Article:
A Case Of The Picks

eDuck Sports
Posted Oct 20, 2013


EUGENE- Washington State's Connor Halliday set bevy of passing records, but what he couldn't do was keep the contest close.

EUGENE- Washington State's Connor Halliday set bevy of passing records, but what he couldn't do was keep the contest close.

Halliday threw a FBS record 89 passes, completed a Pac-12 record 58 of them, but still fell 62-34.

With the high volume of throws came the inevitable high volume of interceptions, a category Halliday leads the country in. Halliday was intercepted four times, with most of the damage coming in the second half when, for at least a few drives, the Cougars appeared to be within striking distance of the second-ranked Ducks.

"We saw it on film, that he kind of takes chances and throws the ball it up," said safety Avery Patterson, who had one of those picks. "That's something that we kind of keyed on, and we capitalized."

Oregon entered the locker room with just a 34-24 lead. Halliday had found different receivers on a pair of short passing scores in the first half.

In fact, if it wasn't for two timely red zone forced turnovers in the opening half, the margin might have been even less.

But the defense stiffened when it needed to, holding WSU off the board until two mop-up TDs to end the game. Three of the first four Cougar drives of the second half ended with interceptions.

Patterson, Derrick Malone and Terrance Mitchell had the three second half picks. Mitchell's was of the pick-six variety, as his score made it 62-24.

"Against a passing team like that, you know the ball is coming," Mitchell said.

They certainly weren't going to run it.

Washington State ran only eleven rushing plays for two total yards, which paled in comparison to the 557 on 89 pass attempts.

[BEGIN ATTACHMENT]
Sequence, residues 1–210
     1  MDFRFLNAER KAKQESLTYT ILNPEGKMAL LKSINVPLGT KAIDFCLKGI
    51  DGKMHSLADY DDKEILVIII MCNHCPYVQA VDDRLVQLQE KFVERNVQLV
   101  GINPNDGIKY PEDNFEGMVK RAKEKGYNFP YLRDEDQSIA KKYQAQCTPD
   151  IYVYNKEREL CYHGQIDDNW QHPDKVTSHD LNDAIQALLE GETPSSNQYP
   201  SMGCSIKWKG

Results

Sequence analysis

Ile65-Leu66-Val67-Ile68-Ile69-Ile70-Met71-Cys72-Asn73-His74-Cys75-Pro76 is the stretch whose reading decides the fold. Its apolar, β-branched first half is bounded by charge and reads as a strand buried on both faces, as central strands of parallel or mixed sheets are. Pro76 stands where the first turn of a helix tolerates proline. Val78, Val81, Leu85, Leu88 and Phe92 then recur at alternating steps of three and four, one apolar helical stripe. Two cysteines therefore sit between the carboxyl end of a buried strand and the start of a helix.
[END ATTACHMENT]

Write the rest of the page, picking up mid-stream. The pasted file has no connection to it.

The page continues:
"They didn't really run it much. It was our main effort to focus on stopping the pass. We did our best," Patterson said.

The Cougars rarely went deep either, settling for the predictable short routes that led to easy completions, but little sustained drives.

"They were nickel-and-diming us. It was kind of frustrating. At the end of the day we're going to learn from it and we're going to see what we have to do to fix it," Mitchell said.

A 5 minute, 26 second drive in the middle of the third quarter developed much that way. The Cougars ran 11 plays, but Patterson's interception cut them short of any points.

That drive might have been the final coffin for the Cougars.

Tony Washington had two first half sacks and applied pressure on countless other occasions, but still found himself dissatisfied with his effort.

"I'm frustrated with how we played the whole game. I know myself, I had a lot of missed tackles, I let the ball get outside of me a couple times," he said.

"I think our guys played with a tremendous amount of effort, it's just the little things we have to clean up."


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